Cities’ power at the international level lies in their capacity to influence the production of norms and urban practices. Urban strategies appear to be increasingly linked to geopolitical concerns, as pointed out in a recent article published by Elisabeth Peyroux, studying the case of Johannesburg.
City-to-City networks have been the keystone of Johannesburg’s international strategy in the last 30 years. Yet, if those were during the 1990s and 2000s mostly inscribed in a context of international solidarity to promote the newly democratic South Africa, they have incrementally become a management tool to promote Johannesburg’s international strategy.
Johannesburg progressively emancipated itself from the central government and developed its own international strategy: principally via its Central Strategy Unit (CSU), and through its marketing platform known as Jike (Johannesburg Innovation and Knowledge Exchange). It managed to maintain its municipal autonomy, despite the Municipal International Relations Policy Framework adopted in 1999 by the central government, and upon which most of the city’s international strategy is also inspired.
The evolution of Johannesburg’s strategy is actually not very different from other large metropolitan areas; neither are the activities that serve to enforce its internationalisation, like city to city networks. Rather, Johannesburg’s singularity is probably to be found in its capacity to play on different scales of governance, and to link its city agenda to geopolitical concerns.
According to Peyroux, this internationalisation is happening on three scales: in the African Continent, in the BRICs and the Global South, and the international scale.
Johannesburg first consolidated its leadership on the African continent, playing a central role in regional integration under the impulse of the NEPAD. Further than mere technological transfers, Johannesburg has even mentored some cities like Lilongwe in the development of its metropolitan strategy.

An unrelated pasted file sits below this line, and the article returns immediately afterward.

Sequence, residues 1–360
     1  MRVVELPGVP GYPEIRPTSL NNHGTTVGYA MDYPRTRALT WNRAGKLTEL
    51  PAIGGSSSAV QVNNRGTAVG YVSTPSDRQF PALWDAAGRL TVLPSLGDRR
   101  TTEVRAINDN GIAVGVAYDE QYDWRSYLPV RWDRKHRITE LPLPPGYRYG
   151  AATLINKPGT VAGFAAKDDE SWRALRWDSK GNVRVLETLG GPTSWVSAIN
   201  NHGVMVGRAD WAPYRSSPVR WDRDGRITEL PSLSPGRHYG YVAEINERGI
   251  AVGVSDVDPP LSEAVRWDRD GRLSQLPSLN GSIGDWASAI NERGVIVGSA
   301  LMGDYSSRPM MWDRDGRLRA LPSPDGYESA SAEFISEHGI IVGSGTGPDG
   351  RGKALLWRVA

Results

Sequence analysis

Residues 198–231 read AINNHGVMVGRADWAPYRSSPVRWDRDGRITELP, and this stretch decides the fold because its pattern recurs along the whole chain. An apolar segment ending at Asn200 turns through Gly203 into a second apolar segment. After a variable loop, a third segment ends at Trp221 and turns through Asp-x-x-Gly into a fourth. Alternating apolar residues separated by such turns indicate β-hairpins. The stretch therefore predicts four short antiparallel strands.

Johannesburg has also benefited from new partnerships with BRICs countries over specific matters: ICT with China, housing with Brazil, and even textiles with India. Johannesburg has thus positioned itself as a catalyst of South-South city relations, more importantly as means allocated to North-South partnerships have been reducing since the 2008 crisis.
Last but not least, Johannesburg also plays a role on the global stage through city networks like C40 or Metropolis. It won award for its Green Bonds initiative from C40 Cities at COP21 in Paris.
In times when more and more global issues are formulated as urban questions (Lungkvist, 2014), Johannesburg therefore demonstrates its ability to insert into new platforms of global governance, where cities have an increasing role to play, as well as its ability to “re-size” global questions — such as climate change — in the pursuit of its internationalisation.
Article [in french] available from Echo Géo, Vol. 36, June 2016 [open access]
Photo: Roger Gordon
|Publication Type||Journal Article|